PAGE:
10. “…throw open the doors of intercourse, so that their real thoughts might be led across the threshold.” Hawthorne is saying that the small-talk led up to the important conversation.
11. Penance is punishment that you bring on yourself. Penitence is the state of being punished for your sins. Dimmesdale has beaten himself up and fasted for days in attempt to lessen the guilt that he feels.
12. The conversation was over and everything was understood as final.
13. A parishioner is a person of or under the Church. This is ironic because throughout the novel, Hester (”his parishioner”) never showed any signs of being religious or Puritan.
XII. Chapters Eighteen and Nineteen.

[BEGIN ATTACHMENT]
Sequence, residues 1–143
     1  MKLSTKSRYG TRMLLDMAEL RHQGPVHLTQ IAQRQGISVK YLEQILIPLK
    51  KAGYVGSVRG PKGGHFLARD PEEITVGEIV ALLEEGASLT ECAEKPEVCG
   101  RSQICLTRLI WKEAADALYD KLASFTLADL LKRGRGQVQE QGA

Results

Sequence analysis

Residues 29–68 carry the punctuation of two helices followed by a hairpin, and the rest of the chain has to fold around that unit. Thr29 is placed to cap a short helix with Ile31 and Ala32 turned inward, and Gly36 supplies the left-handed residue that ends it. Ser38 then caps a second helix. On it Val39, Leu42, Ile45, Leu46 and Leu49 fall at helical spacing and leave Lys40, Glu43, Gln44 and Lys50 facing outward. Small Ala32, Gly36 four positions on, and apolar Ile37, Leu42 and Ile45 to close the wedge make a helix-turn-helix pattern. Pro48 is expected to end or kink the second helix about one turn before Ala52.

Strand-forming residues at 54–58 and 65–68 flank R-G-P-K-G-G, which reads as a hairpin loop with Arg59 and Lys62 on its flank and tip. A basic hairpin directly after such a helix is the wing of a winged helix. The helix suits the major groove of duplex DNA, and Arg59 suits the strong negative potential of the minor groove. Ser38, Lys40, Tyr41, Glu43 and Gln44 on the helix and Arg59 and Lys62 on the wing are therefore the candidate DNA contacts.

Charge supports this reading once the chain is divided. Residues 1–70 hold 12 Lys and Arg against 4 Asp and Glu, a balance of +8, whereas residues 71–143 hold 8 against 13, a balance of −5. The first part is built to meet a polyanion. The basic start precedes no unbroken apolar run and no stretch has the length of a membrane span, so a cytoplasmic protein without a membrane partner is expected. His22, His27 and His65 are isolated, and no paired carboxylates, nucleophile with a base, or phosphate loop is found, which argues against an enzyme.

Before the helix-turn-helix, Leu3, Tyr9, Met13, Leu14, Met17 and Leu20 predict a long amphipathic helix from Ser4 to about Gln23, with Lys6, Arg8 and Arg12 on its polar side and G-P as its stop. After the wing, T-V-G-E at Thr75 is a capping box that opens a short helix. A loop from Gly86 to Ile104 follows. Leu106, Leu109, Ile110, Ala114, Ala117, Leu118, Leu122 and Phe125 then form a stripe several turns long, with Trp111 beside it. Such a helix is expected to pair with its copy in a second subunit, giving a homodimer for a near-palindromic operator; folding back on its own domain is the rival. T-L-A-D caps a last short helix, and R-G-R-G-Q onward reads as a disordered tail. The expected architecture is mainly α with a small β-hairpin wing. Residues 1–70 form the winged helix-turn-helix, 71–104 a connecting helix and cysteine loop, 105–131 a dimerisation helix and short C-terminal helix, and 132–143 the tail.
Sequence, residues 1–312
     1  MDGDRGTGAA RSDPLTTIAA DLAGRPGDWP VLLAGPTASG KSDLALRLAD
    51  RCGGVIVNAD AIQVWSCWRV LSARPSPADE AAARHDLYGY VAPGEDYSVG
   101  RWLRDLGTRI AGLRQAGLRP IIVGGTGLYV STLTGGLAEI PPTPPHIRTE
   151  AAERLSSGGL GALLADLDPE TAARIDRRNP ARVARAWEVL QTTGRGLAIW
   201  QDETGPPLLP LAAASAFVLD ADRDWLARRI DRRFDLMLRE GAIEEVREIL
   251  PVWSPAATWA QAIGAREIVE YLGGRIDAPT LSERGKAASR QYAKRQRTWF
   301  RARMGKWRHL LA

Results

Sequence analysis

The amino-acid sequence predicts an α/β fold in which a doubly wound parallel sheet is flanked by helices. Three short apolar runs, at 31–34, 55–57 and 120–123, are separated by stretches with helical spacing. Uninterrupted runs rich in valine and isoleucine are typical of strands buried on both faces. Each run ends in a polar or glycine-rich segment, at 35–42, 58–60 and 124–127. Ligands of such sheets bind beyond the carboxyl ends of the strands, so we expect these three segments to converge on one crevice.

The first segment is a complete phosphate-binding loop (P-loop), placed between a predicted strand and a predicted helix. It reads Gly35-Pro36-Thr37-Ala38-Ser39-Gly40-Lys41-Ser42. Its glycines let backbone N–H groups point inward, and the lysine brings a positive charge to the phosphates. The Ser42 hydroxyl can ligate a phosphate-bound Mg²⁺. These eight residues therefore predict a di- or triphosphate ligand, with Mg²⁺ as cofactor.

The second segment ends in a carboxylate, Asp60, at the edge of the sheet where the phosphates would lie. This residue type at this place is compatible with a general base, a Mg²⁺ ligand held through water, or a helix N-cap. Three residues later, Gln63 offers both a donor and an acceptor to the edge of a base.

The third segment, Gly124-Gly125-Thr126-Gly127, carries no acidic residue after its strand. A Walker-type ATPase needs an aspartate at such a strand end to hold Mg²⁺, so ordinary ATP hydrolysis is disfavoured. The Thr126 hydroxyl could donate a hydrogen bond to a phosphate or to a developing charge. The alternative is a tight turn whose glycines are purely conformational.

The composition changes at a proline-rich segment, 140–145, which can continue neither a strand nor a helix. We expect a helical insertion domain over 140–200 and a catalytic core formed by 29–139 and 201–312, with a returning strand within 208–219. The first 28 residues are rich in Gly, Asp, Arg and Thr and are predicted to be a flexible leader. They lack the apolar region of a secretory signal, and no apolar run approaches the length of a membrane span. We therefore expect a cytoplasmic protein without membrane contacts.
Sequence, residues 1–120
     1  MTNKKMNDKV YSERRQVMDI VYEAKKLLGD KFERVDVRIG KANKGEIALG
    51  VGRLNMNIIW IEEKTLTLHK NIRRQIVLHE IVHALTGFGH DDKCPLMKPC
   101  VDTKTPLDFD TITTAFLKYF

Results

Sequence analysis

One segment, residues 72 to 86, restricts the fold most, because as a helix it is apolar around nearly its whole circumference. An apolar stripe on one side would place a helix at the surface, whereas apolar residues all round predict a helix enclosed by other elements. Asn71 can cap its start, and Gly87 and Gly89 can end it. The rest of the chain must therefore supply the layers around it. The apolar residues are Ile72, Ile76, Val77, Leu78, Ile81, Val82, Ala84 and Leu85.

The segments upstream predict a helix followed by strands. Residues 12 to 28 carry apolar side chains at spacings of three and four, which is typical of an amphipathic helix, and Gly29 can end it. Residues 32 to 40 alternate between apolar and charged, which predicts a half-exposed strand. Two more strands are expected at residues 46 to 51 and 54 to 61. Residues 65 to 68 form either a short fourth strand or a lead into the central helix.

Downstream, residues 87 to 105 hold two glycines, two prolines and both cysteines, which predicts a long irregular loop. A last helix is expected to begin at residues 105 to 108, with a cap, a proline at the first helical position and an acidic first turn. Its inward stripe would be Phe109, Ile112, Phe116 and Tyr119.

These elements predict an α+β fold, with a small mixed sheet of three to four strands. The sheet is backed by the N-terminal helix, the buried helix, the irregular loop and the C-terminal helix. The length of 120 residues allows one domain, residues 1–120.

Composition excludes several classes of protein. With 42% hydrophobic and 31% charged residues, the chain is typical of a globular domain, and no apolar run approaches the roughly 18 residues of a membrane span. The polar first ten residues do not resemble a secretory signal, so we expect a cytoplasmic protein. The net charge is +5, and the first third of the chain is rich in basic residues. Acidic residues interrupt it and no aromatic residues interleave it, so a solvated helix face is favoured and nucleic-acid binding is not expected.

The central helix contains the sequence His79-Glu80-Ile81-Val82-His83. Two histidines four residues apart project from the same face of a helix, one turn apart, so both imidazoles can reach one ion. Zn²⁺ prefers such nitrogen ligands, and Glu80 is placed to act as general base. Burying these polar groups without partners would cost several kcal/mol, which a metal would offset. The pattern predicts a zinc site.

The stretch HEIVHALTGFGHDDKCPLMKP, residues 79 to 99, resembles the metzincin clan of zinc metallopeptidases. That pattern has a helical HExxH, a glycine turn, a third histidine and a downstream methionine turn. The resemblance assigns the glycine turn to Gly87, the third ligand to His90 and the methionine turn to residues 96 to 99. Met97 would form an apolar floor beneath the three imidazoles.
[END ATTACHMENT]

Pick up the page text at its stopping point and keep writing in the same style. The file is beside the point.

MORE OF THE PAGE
1. Hester never actually thought of Boston as her home and she was obviously never Puritan. After living for seven years as a publicly shamed outcast, she would have had no problem moving. Dimmesdale, on the other hand, had many friends and usually held fast the Puritan laws like a good Puritan preacher should.
2. It is natural to run from a situation in with your life and reputation are both at risk. Dimmesdale didn’t want to continue lying and being such a hypocrite. The guilt that had built up inside of him was driving him crazy.
3. No, Hester had to retrieve her scarlet letter.
4. Pearl kissed Hester’s “A”, as if to mock her.
5. Dimmesdale did not have an affair with Hester to accomplish some premeditated goal. He wasn’t thinking about the consequences when he fell in love with a married woman.